SUNBIZ

Inmates Boost Sugar Harvest, Production

Fiji Corrections Services has been dispatching about 230 inmates daily to harvest cane in different sectors of the two major cane farming divisions. A total of 12,171.34 tonnes of sugar
18 Oct 2016 11:00
Inmates Boost Sugar Harvest, Production
Senior Operations Officer, Vitoriano Koco is being briefed by Correction Officer Class C Nacanieli Raikoti on the work of the inmates at the Ellington Sector in Rakiraki. Photo: LOSALINI BOLATAGICI

Fiji Corrections Services has been dispatching about 230 inmates daily to harvest cane in different sectors of the two major cane farming divisions.

A total of 12,171.34 tonnes of sugar cane have so far been harvested in Ba, Lautoka, Rakiraki and Labasa since the 2016 ‘Operation Musudovu’ began in mid-July.

The highest amount of harvested cane of 6536.07 tonnes has been recorded in Labasa.

Deputy Commissioner of Corrections, Jo Kulinidilo, said the Fiji Corrections Services is glad its community engagement programme is able to assist the industry in boosting the economy.

He said they would continue to work with Government, the Ministry of Sugar and the Fiji Sugar Corporation to assist farmers and ensure the lack of manpower in sugar cane harvesting is addressed.

“The FCS hopes members of the public will appreciate and be inspired by the efforts of inmates who, despite their incarceration, are capable of making a difference in society,” Mr Kulinidilo said.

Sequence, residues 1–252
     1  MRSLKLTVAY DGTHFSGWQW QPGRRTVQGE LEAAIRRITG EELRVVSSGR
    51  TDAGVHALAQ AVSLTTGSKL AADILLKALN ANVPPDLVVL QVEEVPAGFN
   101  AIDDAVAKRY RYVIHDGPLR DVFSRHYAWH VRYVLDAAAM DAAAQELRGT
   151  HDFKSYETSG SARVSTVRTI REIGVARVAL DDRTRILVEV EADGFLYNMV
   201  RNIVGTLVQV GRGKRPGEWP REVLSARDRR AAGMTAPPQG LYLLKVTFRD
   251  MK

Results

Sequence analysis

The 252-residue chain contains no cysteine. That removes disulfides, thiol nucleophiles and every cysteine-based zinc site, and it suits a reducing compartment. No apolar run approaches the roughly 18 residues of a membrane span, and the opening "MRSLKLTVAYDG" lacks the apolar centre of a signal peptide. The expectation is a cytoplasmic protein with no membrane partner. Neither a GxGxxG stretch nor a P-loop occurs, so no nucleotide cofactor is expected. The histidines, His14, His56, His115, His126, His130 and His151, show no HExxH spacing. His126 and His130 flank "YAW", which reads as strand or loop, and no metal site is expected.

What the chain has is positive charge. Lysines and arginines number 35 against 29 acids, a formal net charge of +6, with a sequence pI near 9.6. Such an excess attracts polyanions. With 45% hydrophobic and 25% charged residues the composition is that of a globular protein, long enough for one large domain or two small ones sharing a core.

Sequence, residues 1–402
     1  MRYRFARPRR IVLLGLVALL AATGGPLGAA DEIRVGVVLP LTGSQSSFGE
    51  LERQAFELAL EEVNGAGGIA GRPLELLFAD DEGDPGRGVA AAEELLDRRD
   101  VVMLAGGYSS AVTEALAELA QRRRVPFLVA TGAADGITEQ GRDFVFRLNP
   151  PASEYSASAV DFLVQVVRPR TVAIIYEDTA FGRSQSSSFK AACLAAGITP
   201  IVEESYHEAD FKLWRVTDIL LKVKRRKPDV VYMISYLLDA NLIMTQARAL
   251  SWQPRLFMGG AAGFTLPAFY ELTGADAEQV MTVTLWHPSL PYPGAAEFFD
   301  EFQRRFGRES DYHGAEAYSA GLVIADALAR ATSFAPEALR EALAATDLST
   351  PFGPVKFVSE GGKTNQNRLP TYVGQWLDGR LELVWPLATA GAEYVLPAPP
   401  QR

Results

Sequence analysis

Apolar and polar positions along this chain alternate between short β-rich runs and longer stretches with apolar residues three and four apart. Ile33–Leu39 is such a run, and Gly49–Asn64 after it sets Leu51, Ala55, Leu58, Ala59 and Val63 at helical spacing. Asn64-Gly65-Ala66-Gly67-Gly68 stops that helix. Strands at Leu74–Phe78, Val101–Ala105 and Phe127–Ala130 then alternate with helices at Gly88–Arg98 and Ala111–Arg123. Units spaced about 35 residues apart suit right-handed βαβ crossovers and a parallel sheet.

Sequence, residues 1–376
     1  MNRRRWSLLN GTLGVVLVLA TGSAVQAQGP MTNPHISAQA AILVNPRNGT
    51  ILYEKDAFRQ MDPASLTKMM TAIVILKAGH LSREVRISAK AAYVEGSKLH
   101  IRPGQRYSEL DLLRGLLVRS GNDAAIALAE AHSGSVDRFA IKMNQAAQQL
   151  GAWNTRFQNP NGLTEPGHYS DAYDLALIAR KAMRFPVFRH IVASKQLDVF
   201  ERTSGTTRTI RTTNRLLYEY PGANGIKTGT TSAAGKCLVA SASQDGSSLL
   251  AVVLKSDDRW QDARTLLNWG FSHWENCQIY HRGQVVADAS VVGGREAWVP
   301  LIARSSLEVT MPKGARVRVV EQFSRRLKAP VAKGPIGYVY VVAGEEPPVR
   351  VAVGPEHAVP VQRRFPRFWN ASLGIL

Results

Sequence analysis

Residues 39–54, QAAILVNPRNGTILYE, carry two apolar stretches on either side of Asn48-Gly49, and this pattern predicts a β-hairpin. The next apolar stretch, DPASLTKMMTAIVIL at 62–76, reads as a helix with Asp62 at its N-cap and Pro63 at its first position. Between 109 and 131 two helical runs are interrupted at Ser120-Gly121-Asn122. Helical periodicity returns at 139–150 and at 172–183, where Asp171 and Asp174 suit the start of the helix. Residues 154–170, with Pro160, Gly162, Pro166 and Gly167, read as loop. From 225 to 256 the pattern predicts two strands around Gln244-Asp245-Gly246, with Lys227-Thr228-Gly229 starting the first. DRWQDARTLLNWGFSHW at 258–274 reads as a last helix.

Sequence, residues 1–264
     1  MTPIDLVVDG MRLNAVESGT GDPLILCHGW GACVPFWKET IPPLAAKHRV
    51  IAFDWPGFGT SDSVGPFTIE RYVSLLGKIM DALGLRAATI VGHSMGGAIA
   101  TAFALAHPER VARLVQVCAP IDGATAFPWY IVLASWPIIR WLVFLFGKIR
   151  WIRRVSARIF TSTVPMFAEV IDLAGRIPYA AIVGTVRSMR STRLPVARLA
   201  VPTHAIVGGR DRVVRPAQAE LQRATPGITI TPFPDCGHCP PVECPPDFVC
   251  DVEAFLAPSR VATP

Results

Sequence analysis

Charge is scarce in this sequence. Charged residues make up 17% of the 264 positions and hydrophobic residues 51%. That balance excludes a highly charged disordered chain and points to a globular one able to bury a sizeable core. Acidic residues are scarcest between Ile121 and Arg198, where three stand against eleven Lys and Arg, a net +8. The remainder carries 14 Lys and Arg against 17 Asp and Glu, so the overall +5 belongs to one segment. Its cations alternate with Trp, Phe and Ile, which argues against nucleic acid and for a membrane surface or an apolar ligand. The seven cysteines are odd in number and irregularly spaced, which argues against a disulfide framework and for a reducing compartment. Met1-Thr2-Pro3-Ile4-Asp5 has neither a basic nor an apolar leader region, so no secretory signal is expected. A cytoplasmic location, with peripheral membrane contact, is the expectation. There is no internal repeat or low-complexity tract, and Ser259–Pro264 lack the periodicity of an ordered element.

Sugar Cane Growers Council manager, Nemani Veikoso, has applauded this initiative saying the inmates are doing a great job in assisting farmers.

He said works carried out by the inmates have been productive and efficient compared to those of the ordinary labourers.

A normal day’s production is around 11 tonnes but the inmates are producing more than that on a daily basis with a record harvest of 20.68 tonnes.

 

Farmers appreciative

65 year-old cane farmer Nokaiya Raju of Nanuku in Ra said the 10 inmates deployed to work in his farm are producing two to three times more than the ordinary labourers.

“I have been a farmer all my life. My father was a sugar cane farm too and we established our farm in 1980,” he said.

“This is the first time for me to see more of our canes harvested within a short period of time. Work carried out by the inmates is so efficient.

“I used to have two labourers and their production in three to four months is now produced in less than a month by the inmates.”

Of the total payment received for the work carried out by the inmates, expenses required to facilitate harvesting is deducted first.

The balance is divided into a 60:40 ratio where the inmates receive 60 per cent as payment for their labour and 40 per cent is returned to Government.

Meanwhile, members of the public have been reminded to refrain from communicating with inmates working on sugarcane farms.

Source: FIJI CORRECTiONS SERVICES

 

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